By Benjamin Stubblefield, Ph.D.
Visiting Assistant Professor of Christian Studies, University of Mobile
Marcel Proust, a 20th century French novelist, took about 14 years to write a seven-volume collection of semi-autobiographical fiction. His inspiration? Hot tea and a cheap cookie. The food took him back to his childhood, and he wrote seven (ahem … long) books to explain it to us. That might seem extreme, but we all know the experience of a smell, a taste, a touch triggering important memories. Such an instance is now known as a Proustian moment.
Our passage today describes for Christians our Proustian moment. Jesus institutes for us the Lord’s Supper, or Communion, as a meal for Christians to remember — to go back to a past moment that defines our present. But it is not only for us to remember what Christ did for us at His first coming. Amazingly, the meal is also to remind us of what He will do for us in His second.
Jerusalem is packed. Faithful Jewish pilgrims, Jesus and His disciples included, descend on the city to keep the Passover and Feast of Unleavened Bread. What’s tough to come by are places to eat and sleep and materials for the festal meal.
That’s what makes the first scene in our passage so remarkable. Jesus has a prearranged large, furnished room in which He plans to conduct the first Lord’s Supper. Furthermore, He calls upon His disciples to diligently make the required meal preparations — secure the room, get a lamb slain at the temple, pick up bitter herbs, purchase unleavened bread and wine. All of this would take tremendous effort.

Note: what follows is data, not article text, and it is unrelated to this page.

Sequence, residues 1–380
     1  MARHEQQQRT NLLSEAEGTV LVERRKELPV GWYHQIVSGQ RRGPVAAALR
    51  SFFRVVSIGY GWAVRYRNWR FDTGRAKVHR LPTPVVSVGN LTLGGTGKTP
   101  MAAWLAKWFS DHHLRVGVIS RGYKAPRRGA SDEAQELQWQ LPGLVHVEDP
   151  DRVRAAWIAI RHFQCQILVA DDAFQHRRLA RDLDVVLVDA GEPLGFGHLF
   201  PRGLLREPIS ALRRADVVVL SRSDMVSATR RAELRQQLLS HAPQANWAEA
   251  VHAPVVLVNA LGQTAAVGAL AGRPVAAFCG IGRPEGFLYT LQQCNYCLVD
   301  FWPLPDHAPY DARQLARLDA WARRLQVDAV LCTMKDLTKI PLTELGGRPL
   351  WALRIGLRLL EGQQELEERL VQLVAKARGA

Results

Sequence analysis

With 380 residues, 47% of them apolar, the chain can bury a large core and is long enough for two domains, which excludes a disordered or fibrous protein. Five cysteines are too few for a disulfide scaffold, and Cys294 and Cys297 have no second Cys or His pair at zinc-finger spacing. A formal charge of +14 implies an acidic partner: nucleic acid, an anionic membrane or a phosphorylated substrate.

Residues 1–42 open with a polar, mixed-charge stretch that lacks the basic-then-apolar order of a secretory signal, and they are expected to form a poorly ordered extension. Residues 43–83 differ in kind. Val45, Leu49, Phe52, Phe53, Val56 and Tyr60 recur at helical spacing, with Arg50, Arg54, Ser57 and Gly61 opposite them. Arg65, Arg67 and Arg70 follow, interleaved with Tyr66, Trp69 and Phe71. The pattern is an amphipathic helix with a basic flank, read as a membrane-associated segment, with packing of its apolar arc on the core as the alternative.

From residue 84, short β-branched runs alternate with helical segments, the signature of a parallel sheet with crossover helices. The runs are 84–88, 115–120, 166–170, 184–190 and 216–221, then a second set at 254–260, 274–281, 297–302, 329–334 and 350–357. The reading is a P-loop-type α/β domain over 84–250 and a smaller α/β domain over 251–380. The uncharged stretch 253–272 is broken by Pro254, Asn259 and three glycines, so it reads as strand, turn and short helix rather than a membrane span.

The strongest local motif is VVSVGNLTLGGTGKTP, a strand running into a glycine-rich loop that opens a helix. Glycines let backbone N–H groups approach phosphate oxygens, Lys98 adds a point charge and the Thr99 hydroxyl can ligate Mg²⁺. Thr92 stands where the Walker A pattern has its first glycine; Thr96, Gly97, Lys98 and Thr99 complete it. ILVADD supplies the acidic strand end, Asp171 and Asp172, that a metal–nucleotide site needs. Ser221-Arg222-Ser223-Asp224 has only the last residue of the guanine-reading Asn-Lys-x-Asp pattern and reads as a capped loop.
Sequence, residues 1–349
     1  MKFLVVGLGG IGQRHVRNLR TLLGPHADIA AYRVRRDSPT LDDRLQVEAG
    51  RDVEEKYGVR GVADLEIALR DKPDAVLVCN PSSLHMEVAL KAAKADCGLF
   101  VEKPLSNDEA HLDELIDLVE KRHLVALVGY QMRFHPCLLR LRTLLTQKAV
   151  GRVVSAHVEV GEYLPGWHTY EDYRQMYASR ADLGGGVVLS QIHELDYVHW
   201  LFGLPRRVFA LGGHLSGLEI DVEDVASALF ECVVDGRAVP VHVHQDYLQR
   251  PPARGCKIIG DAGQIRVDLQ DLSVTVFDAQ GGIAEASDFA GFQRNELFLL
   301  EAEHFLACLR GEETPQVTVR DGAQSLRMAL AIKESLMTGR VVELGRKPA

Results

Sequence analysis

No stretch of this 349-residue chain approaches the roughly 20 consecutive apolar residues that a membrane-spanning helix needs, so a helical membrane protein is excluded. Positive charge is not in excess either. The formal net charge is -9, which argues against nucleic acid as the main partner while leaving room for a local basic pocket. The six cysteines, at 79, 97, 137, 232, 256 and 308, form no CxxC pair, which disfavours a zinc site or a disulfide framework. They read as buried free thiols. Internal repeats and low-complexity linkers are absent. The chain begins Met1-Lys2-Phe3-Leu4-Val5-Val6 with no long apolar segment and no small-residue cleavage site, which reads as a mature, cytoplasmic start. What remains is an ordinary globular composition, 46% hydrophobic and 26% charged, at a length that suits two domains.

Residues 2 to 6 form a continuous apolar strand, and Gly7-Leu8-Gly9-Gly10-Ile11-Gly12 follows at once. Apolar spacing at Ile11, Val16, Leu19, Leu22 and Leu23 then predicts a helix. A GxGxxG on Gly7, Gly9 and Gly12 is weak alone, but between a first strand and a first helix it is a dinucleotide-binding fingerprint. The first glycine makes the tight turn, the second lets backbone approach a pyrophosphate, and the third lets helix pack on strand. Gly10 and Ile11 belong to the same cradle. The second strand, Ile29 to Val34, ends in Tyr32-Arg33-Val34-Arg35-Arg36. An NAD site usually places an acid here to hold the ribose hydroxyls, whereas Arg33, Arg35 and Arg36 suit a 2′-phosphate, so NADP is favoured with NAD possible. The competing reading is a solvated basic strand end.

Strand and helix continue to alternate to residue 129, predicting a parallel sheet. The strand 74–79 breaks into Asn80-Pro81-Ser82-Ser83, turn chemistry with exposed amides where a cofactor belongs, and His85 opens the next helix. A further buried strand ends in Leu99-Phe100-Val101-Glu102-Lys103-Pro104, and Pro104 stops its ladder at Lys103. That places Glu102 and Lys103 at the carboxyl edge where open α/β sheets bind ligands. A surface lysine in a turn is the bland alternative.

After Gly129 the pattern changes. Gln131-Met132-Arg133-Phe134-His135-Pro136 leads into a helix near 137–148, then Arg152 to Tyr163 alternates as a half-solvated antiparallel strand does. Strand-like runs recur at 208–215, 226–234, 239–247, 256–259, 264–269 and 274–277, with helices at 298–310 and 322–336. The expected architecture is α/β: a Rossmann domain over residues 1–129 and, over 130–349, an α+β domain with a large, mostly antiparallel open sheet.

While our church communion services are not often that difficult to host, we ought to consider imitating the care with which Jesus and the disciples prepared appropriately for theirs. In order to take the Lord’s Supper rightly, they needed a place for Jesus to sit at the table, but we are now commanded, in order to take Communion rightly, to prepare a place for Jesus to sit in our hearts (1 Cor. 11:27–28).
Looking Forward (14–18)
Jesus takes a moment during this meal to give a word about future meals. In fact, He announces His Passover abstinence until “it is fulfilled in the kingdom of God.”
Announcing to everyone while you’re eating with them that you’re planning on not eating with them for an indefinite and long time is like announcing to everyone at your birthday party that you don’t like presents, people or cake, and that you’re lactose intolerant. That’s a party-pooper.
Except in this case, Jesus is not implying He doesn’t want to be with His people. Rather, He implies that He’s never again going to eat this meal because He’s going to prepare one that’s way better.
In this way, the Lord’s Supper draws us back to the moment when Jesus promises us a place and party that He is going to make ready for us. Certainly, the disciples got sad at the thought of His absence, but I imagine they were thrilled at the prospect of what is yet to come.
The announcement of the Lord’s death reassures us: “until He comes” (1 Cor. 11:26). And when He comes, what a day, glorious day — and what a meal — that will be.
Looking Back (19–20)
To conclude the meal, Jesus takes the bread and a “new covenant” cup and says the words many of us have seen etched into our church altars: “This do in remembrance of Me.”
What Jesus is announcing here is nothing short of epoch-making. His death begins a new, “more excellent ministry” enacted on “better promises” by which His sacrifice “once for all” brings people to God (Heb. 8:6; 10:10). We would no longer need a Paschal lamb because the final Lamb of God has come to take away the sins of the world.
When we partake, therefore, of the Lord’s Table, we are right to do so happily and sober mindedly.
Because in order to mend His people, Jesus had to be broken.